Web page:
“The sublime life? … What do you mean by that?”
“It’s simple. You must navigate through existence as a curious passenger and not as a narrow-minded seaman. If life is modest, we must do her the honor of marrying her wholeheartedly, taking from her the best we can.”
Thoreau, A Sublime Life is a compact biographical sketch about a deep thinker, a nature lover, and a man who rebelled against the status quo. This volume, created by French duo A. Dan (art) and Maximilien LeRoy (script and colors), begins the exploration of Henry David Thoreau’s life in 1845. It is the blustery month of March and he’s just undertaken the building project that will become his famous cabin on Walden Pond. The script strings together a sequence of pivotal events in Thoreau’s life, presenting episodes that connect what is happening in the world at large to his life and his writing. Interesting vignettes include the time Thoreau spent in prison because he refused to pay taxes that would ultimately support the Mexican American War and his involvement in the abolitionist movement. The creators also focus on Thoreau’s interest in cultures and religions other than his own.
The script is a concise introduction to the life of an interesting and complex man. Pieces from some of Thoreau’s more famous writing are included, and the authors finish the book with an essay from Professor Michael Granger entitled “Thoreau: A Philosopher for Today.” But as interesting and informative as the biography of Thoreau can be, it is the artwork and coloring that carry Thoreau, A Sublime Life.
A. Dan’s line work is gorgeous and expresses much with little. He captures a striking essence of New England in several seasons. There is much detail and attention paid to trees, flora, and fauna. This is balanced with period appropriate clothing and architectural design. The art does a nice job of immersing the reader in the setting and time period; this makes it much easier to imagine what life in a mid-nineteenth century cabin might feel like, or to imagine the the sense of conviction and passion the abolitionists carried with them.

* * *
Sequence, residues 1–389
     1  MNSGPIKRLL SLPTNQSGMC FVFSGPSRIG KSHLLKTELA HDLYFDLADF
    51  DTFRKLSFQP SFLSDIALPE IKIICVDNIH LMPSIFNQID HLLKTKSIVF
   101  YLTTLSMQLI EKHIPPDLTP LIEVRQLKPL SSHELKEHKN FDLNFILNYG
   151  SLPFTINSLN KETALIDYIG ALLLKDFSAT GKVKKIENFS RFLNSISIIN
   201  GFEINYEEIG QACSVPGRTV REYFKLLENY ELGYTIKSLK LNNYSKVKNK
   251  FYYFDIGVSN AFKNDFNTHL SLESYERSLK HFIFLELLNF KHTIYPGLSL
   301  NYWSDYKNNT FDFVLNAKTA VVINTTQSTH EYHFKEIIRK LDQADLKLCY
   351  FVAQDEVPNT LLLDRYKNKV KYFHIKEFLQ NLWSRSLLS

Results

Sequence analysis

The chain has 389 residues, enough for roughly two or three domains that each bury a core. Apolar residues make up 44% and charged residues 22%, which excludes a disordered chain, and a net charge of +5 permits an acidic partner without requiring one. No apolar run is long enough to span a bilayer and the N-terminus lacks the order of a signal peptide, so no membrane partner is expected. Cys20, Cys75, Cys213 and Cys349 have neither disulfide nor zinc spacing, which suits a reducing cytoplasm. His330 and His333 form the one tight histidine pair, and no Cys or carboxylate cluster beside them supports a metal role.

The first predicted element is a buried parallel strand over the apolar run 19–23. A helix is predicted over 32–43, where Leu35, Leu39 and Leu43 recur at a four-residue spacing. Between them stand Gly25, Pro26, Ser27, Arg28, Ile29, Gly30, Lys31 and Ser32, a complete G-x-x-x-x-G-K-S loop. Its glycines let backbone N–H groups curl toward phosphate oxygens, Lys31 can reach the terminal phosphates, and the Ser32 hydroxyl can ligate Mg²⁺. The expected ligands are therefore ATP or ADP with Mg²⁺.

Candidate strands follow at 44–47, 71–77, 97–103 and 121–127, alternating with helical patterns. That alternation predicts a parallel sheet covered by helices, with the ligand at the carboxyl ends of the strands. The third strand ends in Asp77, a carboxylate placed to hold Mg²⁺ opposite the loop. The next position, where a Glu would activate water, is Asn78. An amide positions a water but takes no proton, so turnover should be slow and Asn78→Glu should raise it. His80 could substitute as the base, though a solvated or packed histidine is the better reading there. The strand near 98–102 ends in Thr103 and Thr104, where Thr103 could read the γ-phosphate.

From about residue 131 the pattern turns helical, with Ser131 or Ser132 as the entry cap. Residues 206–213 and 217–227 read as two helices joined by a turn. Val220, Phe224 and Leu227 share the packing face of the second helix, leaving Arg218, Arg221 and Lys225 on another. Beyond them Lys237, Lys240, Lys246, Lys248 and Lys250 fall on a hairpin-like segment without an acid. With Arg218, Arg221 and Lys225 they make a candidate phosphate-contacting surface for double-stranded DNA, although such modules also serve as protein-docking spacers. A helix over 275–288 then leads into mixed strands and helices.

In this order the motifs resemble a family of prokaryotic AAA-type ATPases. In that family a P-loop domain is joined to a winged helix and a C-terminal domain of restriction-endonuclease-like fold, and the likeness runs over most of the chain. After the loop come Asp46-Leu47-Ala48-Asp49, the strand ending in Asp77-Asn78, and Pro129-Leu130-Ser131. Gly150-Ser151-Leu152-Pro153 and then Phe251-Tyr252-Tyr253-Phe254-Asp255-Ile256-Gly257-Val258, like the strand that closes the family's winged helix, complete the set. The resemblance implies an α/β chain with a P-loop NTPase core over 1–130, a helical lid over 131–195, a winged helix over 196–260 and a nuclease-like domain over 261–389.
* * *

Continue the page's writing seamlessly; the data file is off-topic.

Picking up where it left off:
Maximilien LeRoy might be my new favorite colorist. It’s the color that makes this book really interesting to me as a reader. Working with single colors on a matte page, LeRoy is able to make New England come alive. The palate is a sort of muted-neon-earth-tone mixture that doesn’t seem like it should work, but it does. He’s not afraid to fill the page with color. The combination of the artistic representation of Thoreau’s world with a powerful palette creates a powerful reading experience. The use of white within separate panels and within text bubbles creates a rhythm that mimics the tempo of Thoreau’s life: slower at the beginning of the story and then rapidly gaining speed.
Thoreau: A Sublime Life is a worthwhile read for teens and adults who like their comics biographical or who are looking for an introduction to a complex—almost mythical—figure in American history. Context is key and readers can gain much understanding of the man who inspired the idea of civil disobedience. It may also inspire readers to consider their own passions and how they hope to leave their mark on the world.
Thoreau: A Sublime Life
by Maximilien Le Roy
Art by A. Dan
NBM Graphic Novels, 2016